A final consideration in this step is calculating loss scenarios for your turbine in the event of a hypothetical fire and what the cost implications would be. In an unprotected wind turbine, fire can quickly spread through the nacelle, resulting in extensive damage. Severe fire damage often necessitates replacing the whole nacelle or turbine, costing the project $7-8m on average.

Furthermore, if a fire starts in an onshore turbine and then spreads to the locale, resulting in a wildfire, the project could be exposed to billions of dollars in liability.

The cost will also need to factor in how insurance coverage would come into play. Due to the rising number of turbine fires, insurance rates have increased 20 to 30%.

3. Engage expert opinions to research your options

This step is all about exploring fire prevention methods, detection, and suppression, based on best practices throughout the industry.

Many technologies and practices are focused on prevention. As discussed earlier, this includes design-level decisions, such as the use of less flammable materials, but can also have operational procedures, like comprehensive maintenance planning to prevent electrical and mechanical breakdowns. However, while fire prevention reduces the likelihood of a fire, these measures will not prevent damage in the rare case that a fire does break out. In this case, you will want to understand what options you have to stop a fire before it can grow.

Fire detection alerts owners and operators to fires. This technology detects fire through several methods, often by identifying smoke or sudden heat. As a result, owners and operators are alerted to the fire but have limited to no capabilities to prevent the fire from spreading.

However, only fire suppression systems can suppress a fire and prevent damage once a fire has started. Firetrace’s automatic fire suppression systems are made up of detection tubing filled with a clean agent. On contact with extreme heat, the detection tubing ruptures and releases the agent to put out the fire at its source. Thus, only fire suppression systems using a clean agent have these three components: effective at fighting fires, safe for people, and environmentally friendly.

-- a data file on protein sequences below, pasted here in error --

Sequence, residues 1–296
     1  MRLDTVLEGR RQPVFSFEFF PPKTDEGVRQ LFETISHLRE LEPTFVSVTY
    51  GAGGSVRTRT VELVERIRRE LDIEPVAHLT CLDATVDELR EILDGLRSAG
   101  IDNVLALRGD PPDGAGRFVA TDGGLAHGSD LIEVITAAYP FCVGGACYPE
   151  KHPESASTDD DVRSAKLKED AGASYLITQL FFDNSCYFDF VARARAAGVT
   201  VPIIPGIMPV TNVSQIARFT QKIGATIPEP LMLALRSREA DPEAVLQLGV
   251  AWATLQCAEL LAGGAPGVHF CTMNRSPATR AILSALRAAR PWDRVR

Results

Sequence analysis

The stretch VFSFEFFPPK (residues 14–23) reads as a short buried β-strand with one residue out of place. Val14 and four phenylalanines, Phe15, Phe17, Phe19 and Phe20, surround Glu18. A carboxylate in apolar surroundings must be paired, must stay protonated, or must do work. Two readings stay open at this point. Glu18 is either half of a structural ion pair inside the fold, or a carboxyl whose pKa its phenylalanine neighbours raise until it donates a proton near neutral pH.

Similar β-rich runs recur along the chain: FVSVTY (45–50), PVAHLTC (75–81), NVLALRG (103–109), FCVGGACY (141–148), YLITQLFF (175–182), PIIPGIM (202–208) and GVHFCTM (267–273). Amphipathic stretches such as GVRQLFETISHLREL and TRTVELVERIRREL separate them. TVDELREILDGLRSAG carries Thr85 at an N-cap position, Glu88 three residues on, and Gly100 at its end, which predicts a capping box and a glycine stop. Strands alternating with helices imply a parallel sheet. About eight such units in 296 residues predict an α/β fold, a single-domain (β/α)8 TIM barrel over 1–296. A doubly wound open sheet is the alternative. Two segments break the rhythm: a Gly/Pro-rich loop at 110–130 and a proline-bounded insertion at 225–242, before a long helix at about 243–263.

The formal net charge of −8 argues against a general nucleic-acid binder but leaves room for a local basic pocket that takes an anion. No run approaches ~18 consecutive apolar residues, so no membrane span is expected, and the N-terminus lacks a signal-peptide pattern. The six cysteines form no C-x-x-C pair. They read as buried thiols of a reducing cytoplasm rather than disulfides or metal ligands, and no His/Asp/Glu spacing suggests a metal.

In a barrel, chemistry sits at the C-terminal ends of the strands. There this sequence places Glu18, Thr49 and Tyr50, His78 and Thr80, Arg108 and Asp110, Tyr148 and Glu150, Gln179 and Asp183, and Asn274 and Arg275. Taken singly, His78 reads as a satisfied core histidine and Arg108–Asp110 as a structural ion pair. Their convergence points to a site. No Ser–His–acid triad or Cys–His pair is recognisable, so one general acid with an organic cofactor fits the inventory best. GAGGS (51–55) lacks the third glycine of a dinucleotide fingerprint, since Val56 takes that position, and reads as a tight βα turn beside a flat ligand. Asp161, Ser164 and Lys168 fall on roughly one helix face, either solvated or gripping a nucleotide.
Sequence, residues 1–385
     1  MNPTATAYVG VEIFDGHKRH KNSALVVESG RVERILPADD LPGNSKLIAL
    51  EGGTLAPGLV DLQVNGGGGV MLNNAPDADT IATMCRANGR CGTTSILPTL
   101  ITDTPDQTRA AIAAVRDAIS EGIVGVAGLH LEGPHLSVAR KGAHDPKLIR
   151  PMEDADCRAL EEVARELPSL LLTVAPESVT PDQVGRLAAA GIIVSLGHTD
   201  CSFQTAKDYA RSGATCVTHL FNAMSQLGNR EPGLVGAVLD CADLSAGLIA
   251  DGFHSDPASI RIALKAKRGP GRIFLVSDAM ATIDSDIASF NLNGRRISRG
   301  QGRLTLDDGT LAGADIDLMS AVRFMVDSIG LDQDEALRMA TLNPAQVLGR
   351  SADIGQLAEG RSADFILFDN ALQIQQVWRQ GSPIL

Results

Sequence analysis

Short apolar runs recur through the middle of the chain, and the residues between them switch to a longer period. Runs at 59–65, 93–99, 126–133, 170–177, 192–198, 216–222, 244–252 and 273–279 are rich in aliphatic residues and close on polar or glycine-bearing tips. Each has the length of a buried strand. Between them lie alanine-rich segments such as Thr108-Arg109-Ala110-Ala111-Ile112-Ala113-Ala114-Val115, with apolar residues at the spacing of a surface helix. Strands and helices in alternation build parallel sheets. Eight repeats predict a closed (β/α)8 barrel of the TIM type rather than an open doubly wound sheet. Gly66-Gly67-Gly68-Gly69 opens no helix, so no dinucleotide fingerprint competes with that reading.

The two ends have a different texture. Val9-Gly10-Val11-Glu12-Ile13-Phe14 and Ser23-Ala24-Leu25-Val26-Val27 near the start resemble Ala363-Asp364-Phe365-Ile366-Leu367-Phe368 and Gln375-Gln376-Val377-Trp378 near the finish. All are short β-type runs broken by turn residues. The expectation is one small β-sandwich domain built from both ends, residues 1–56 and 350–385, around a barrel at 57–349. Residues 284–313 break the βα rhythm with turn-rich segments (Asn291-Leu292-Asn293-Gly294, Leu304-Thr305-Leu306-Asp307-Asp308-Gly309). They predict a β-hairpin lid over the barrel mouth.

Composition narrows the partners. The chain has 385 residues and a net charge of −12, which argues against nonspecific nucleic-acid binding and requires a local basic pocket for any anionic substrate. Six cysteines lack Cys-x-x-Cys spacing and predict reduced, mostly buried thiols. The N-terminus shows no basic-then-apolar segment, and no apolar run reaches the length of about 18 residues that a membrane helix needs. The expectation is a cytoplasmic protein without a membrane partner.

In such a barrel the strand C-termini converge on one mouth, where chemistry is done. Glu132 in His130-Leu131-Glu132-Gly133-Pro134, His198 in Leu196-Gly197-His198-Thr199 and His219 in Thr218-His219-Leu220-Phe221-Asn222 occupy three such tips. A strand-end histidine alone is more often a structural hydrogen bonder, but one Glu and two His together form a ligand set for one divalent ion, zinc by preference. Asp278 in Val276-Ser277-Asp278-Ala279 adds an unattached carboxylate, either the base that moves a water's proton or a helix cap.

It is advisable to ensure all three fire protection methods – prevention, detection, and suppression – are present in a wind turbine.

4. Make a decision

Once you’ve quantified your turbine’s exposure to fire risk and level of current fire protection, you can now decide what you need to invest in to ensure turbine fire risk is fully managed.

As the industry grows and more turbines go online, the expected number of turbine fires per year is likely to increase. The cost of fire safety methods pales in comparison to the cost of restoring a wind turbine following a fire. Prevention and detection are important, but suppression puts a stop to the disaster.

Firetrace’s system specifically targets ignition sources in the wind turbine, which allows a flexible, modular approach to fire protection that is customizable for different turbine makes and models.

Firetrace is the expert in fire suppression for wind turbines. We are here to assist you in learning more about the cost-benefit of installing automatic fire detection and suppression to protect your turbine from fire risk.

Source:
FireTrace
Author:
Press Office
Link:
www.firetrace.com/...
Keywords:
Firetrace, wind turbine, fire, protection, risk, costs, owner, operator, manage, report, steps, onshore, offshore, transformer, converter, nacelle